Chaos

My work in chaos started at Cornell with my doctoral study on an oscillator with dry friction.  At the root of this oscillator's dynamics was a simple iterated map much like the famous logistic (quadratic) map, a paradigm of chaos analyzed by the chaos pioneers who discovered period doubling and other universal behavior.

Chaos can be studied from an established model, either by analytical treatment or simulation of the model.  Steve Shaw and I teach a course (ME 961) with this perspective, involving local bifurcation theory, global bifurcations due to homoclinic tangles, symbol dynamics and the horseshoe map, and perhaps routes to chaos (period doubling, intermittency, torus wrinkling, torus doubling, and quasiperiodicity), or "codimension-2" bifurcations.  A related course is ME 863 (nonlinear oscillations), which focuses less on chaos and more on nonlinear resonances and self-excitation.  Chaos can also be studied by analyzing data from a chaotic process.  When I get a chance, I do a course (ME 960) on the treatment of chaotic data.  The idea is to take measurements of a chaotic process and recreate the geometry of what's actually going on.  Ultimately, the process can be characterized by its topology, fractal dimension, Lyapunov exponents, and entropy.  Methods of "chaos theory" can be used to distinguish deterministic from random processes, uncover a model of the process, and lead to nonlinear prediction.

Chaos applications include, for example, the mixing on non-turbulent fluids, coding and communication, system identification, and control  Chaos is advantageous for system identification because chaotic data has more information than periodic data.  Such dynamical information can be exploited to obtain concrete information, such as parameter values, about the system at hand.  Finally, the reality is that nonlinear phenomena are present in a vast number of interesting systems.  Understanding chaos is essential for understanding the behavior of many of these nonlinear systems.  Chaos theory allows us to know the way things work.

The papers below deal with descriptions of chaotic behavior and nonlinear phenomena, developments of chaos tools, and modeling.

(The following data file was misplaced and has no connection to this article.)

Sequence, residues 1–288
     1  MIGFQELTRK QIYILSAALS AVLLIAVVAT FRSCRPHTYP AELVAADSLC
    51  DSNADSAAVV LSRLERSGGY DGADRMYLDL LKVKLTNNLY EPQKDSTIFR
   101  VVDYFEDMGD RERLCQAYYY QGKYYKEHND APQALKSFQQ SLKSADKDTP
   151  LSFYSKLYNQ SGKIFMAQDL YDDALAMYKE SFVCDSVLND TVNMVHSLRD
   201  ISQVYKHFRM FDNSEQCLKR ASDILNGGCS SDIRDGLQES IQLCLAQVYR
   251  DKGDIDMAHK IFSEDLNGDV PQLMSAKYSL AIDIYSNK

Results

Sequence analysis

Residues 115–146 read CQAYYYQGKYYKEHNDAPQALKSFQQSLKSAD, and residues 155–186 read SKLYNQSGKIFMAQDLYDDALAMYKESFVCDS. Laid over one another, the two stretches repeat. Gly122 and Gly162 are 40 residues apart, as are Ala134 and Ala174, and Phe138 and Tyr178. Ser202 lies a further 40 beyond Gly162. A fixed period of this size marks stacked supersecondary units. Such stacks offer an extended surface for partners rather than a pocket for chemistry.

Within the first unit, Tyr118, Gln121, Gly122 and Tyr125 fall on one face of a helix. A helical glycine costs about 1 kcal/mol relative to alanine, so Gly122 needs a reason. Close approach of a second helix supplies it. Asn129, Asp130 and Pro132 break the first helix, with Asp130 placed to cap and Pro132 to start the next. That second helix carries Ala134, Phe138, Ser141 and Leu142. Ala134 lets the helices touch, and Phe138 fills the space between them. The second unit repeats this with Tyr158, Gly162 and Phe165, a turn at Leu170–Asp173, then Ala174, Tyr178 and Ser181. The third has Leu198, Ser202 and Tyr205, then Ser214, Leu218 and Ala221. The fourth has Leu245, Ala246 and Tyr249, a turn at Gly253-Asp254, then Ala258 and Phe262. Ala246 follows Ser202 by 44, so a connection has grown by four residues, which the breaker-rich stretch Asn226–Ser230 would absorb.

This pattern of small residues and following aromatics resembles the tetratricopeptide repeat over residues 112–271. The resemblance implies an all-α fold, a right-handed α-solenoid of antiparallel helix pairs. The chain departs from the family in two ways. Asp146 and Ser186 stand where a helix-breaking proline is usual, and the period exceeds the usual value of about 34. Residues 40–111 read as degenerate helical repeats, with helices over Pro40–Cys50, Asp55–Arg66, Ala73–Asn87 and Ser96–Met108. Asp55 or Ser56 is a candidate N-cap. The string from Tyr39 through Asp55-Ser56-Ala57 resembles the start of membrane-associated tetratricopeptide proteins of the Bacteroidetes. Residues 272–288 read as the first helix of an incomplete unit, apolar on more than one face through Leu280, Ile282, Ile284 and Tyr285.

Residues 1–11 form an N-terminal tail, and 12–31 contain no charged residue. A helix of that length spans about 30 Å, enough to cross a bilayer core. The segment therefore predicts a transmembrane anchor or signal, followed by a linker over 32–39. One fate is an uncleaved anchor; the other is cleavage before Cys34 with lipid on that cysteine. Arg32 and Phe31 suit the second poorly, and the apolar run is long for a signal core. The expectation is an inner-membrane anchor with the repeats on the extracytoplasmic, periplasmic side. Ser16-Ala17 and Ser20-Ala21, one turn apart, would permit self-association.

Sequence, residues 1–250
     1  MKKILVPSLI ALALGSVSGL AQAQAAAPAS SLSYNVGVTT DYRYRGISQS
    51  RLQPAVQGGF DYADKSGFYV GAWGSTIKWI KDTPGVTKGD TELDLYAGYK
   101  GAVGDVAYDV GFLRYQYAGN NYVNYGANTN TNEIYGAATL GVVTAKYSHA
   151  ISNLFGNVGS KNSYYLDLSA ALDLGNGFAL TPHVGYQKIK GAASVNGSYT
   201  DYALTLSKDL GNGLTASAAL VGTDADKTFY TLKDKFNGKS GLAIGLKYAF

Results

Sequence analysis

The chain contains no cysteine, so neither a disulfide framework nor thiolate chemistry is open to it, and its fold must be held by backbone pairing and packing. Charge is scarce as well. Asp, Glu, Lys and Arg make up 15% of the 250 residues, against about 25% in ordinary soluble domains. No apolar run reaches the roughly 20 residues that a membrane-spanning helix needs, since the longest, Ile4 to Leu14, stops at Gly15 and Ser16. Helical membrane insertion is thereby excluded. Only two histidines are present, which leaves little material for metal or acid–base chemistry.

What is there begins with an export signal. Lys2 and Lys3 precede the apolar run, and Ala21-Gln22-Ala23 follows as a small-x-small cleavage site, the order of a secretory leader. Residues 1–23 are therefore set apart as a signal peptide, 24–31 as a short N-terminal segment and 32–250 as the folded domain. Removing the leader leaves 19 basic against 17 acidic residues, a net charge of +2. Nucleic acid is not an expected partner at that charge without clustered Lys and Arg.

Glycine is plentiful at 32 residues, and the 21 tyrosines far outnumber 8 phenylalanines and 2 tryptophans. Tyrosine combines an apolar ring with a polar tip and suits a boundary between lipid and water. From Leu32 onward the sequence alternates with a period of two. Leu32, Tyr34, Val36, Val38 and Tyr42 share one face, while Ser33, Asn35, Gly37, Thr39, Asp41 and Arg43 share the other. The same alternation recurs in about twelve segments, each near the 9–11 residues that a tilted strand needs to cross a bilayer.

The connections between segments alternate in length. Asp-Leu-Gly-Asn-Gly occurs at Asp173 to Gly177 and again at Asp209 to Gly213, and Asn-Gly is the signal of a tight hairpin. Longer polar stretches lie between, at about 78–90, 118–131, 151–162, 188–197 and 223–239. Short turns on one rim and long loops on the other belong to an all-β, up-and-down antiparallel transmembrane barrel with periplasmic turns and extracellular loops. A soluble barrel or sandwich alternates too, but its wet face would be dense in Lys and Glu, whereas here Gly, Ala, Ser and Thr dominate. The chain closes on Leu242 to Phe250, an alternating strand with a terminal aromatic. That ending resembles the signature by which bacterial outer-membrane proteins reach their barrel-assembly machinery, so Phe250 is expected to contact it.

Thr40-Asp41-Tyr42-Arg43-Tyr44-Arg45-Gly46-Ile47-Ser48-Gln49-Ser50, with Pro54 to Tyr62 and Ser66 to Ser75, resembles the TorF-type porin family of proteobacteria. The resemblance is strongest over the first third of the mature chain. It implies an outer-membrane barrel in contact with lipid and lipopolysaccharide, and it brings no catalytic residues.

Support:  NASA Langley Research Center, 4/01-11/02 (Parametric System Identification), National Science Foundation CMS-9624347 (CAREER, primarily on Friction Dynamics), 8/96-7/00. (Any opinions, findings, and conclusions or recommendations expressed in this material are those of the author and do not necessarily reflect the views of the National Science Foundation.)

Publications involving chaos

• J. L. Quinby and B. F. Feeny, 2009, "Low-frequency behavior in a frictionally excited beam," Journal of Sound and Vibration 325, 884-893. (preprint, with Movie 1, Movie 2, and Movie 3.)
• G. Lin, B. F. Feeny, and T. Das, 2009, "Fractional Derivative Reconstruction of Forced Oscillators," Nonlinear Dynamics 55 (3) 239-250. (preprint)
• Y. Liang and B. F. Feeny, 2008,  “Parametric identification of a chaotic base-excited double pendulum experiment,”  Nonlinear Dynamics 52, 181-197.  Conference version.
• B. F. Feeny and F. C. Moon, 2007, "Empirical friction modeling in forced oscillators using chaos," Nonlinear Dynamics 47 (1-3) 129-141.  Preprint.
• Y. Liang and B. F. Feeny, 2006, "Parametric identification of a base-excited single pendulum," Nonlinear Dynamics 46 (1-2) 17-29. Preprint.
• J. L. Quinby and B. F. Feeny, 2004, "Low frequency phenomena in a frictionally excited beam", proceedings of the ASME IDETC, Anaheim, September, on CD-ROM. (Preprint)
• B. F. Feeny and G. Lin, 2004, "Fractional derivatives applied to phase-space reconstructions," Nonlinear Dynamics 38 (1-4) 85-99. (Preprint)